Today was a simple case of how you cannot mix coverage of 'high blue sky vis' with trying to do a multitude of other things, especially at a lowland site with quite a bit of background noise. Basically my vis coverage was awful with an element of self-delusion that multi-tasking was possible in these conditions. For example, the number of (albeit high flying and 'purposeful') Swallows passing unrecorded was in the region of 99% judging by results from people who were really concentrating on vis at nearby sites (and the number attracted by a short spell of tape playing!). They were still moving in the 'hundreds', along with Meadow Pipit, over Thrushgill in the late evening. Tomorrow looks tasty for something easternish - a day for grilling coastal trees and the like with a significant influx of Yellow-brows on the east coast and northern isles today (e.g. 24+ on Foula) - Monday possibly if the rain is later than forecast. Date-wise, the first record of Yellow-brow here involved three birds on 22nd September 1985 in minimal pre-work coverage, albeit in rather special weather conditions which also produced multiple Red-breasted Flycatcher at nearby Walney (narrow band of 'grounding' drizzle within an easterly airflow round a high pressure). Wanted: a decent birder used to bush searching for the next two mornings! Sites which could do with some coverage include the gardens at Sunderland, Potts corner woodland, Heysham Head, Heysham Smithy Lane, North harbour wall mound, Jenny Brown's Point and basically anywhere along the paths at Leighton Moss providing you dont cut yourself off from the migrant activity by spending time in a hide.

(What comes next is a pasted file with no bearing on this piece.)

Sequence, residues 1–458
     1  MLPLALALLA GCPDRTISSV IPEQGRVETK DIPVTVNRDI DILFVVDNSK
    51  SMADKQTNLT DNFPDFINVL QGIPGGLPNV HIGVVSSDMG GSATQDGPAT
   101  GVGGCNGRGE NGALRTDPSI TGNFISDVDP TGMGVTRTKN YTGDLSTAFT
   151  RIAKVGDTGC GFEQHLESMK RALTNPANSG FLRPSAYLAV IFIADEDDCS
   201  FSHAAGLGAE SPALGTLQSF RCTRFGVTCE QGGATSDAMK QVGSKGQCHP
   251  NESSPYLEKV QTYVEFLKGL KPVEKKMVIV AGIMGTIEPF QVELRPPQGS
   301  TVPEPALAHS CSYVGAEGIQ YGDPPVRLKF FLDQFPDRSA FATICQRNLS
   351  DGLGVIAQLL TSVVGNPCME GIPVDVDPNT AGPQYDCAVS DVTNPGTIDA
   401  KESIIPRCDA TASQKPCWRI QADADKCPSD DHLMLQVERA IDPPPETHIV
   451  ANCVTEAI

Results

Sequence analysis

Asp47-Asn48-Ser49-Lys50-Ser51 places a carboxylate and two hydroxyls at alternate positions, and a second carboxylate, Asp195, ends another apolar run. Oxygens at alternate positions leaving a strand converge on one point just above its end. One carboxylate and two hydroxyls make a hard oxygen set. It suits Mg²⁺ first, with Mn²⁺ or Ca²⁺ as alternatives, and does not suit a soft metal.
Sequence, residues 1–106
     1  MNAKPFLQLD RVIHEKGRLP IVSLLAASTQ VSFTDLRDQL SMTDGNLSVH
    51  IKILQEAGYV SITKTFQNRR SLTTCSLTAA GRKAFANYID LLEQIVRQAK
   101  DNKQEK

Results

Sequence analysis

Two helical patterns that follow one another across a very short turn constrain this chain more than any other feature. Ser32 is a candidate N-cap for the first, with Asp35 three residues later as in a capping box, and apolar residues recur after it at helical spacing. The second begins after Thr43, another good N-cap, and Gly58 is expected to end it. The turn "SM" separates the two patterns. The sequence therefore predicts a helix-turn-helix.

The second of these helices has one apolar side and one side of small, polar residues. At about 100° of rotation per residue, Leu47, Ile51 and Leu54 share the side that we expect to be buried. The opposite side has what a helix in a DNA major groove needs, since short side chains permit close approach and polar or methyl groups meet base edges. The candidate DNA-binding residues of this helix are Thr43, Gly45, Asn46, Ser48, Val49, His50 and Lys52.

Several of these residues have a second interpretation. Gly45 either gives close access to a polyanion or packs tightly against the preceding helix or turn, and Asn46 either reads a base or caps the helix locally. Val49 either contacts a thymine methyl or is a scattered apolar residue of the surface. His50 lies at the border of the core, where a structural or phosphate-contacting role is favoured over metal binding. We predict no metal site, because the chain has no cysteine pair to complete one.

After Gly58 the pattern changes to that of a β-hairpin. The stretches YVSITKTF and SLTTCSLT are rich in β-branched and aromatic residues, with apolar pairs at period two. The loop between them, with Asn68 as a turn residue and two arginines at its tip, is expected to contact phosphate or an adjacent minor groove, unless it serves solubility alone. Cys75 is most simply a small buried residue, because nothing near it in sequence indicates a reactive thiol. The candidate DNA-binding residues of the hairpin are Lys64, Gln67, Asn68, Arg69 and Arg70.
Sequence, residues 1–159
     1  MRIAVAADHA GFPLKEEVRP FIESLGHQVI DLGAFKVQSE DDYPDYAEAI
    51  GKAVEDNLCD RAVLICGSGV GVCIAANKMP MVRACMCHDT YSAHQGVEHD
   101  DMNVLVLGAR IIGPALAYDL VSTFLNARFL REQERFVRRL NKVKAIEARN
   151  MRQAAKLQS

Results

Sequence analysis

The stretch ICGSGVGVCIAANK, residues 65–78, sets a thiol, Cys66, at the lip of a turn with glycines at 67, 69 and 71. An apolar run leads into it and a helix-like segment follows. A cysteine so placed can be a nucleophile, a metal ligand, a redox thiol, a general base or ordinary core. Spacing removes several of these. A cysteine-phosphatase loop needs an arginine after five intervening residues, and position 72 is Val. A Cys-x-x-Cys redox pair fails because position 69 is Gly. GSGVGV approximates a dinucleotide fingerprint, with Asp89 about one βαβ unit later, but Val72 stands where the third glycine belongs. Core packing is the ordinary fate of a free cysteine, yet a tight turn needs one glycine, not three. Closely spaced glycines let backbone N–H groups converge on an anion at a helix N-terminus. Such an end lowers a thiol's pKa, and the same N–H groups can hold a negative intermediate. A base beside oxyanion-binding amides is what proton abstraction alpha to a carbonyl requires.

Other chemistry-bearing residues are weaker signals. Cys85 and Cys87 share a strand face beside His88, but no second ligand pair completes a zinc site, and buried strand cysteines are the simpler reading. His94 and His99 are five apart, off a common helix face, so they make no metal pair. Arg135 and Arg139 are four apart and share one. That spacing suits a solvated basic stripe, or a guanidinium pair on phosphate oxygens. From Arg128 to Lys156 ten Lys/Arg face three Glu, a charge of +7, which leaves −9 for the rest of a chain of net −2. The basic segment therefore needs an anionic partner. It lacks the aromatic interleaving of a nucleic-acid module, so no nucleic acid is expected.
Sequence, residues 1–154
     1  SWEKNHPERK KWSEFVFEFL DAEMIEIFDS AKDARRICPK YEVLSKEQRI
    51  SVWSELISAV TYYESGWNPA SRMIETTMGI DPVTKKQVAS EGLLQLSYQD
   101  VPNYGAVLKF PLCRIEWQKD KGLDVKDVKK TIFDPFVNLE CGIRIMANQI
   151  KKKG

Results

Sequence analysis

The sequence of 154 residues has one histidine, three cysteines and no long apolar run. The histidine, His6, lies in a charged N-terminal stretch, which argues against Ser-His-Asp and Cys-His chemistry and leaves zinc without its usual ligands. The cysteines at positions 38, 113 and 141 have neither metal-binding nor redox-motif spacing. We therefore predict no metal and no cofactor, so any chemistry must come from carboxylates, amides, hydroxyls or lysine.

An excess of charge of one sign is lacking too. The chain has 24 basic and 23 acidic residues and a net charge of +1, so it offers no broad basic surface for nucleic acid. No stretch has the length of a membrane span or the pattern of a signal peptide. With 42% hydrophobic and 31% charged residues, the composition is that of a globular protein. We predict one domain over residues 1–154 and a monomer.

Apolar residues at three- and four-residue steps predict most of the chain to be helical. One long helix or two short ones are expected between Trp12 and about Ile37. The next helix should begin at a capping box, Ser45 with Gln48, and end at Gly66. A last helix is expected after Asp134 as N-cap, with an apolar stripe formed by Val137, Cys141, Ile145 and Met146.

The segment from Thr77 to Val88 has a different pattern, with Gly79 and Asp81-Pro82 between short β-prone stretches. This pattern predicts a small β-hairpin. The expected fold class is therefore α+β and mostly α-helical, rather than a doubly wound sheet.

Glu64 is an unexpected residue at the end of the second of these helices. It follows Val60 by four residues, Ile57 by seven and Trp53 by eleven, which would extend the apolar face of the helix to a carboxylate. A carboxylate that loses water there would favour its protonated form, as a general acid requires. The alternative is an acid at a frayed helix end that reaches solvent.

Vis mig dawn to about 0930hrs
The original unedited comment was: "A bit tricky with the blue sky and multitasking" - this was before the extent of the movements at other nearby sites was known!
Meadow Pipit - c350 SE - "probable underestimate"
Grey Wagtail - 7 SE (probably accurate c/f tape playing)
Goldfinch - 20 S
Chaffinch - 38 SW
Swallow - 13 SE (more at Middleton but chronically underestimated)
Siskin - flock of 3 W
Sparrowhawk - high-flying male south
surprised no corvid passage
Reed Bunting - none over HNR but 7 migrants ringed at Middleton
Mostly a net loss from yesterday, especially Goldcrest
Goldcrest - no more than 5 around
Chiffchaff - 4 HNR, 2 Middleton
Sedge Warbler - lightweight juv trapped first thing
Robin - not many with just 5 new ones ringed at Midd/Hey and not much ticking and chasing
no 'sylvia' warblers seen/heard
Wheatear - two on the mound
Med Gull - 2 1CY, 2 Ad
Arctic Tern - ad
Common Tern - juv
Little Egret - one in the saltmarsh creek in the morning (scarce this year!)
Waders - the numbers off Ocean Edge on the afternoon tide were unbelievable - almost like someone had flattened a wood ants nest with Knot & "presumed Dunlin" scurrying all over the place interpersed with more 'stately' Grey Plover, Bar-tailed Godwit, Curlew and Oystercatcher. Light was awful and counting/identification of small stuff (good job there were no obvious 'peeps'!) very difficult so I just sat back and enjoyed the spectacle
Ringing at Heysham and Middleton
A lot of effort but, take away the Meadow Pipits, fairly poor fare for full coverage of HNR and Middleton: Grey Wagtail (3), Meadow Pipit (34), Swallow (4), Reed Bunting (7), Goldcrest (4), Chiffchaff (4), Robin (5), Wren (2), Blue Tit (2), Greenfinch (4), Chaffinch (2), Great Tit (1), Dunnock (2), Sedge Warbler (1)
Red Admiral office buddliea for third day & one in the nature park, c6 Small Tortoiseshell, Comma
A circuit of the reserve mid-afternoon just added Speckled Wood but the main feature was not a single dragonfly seen!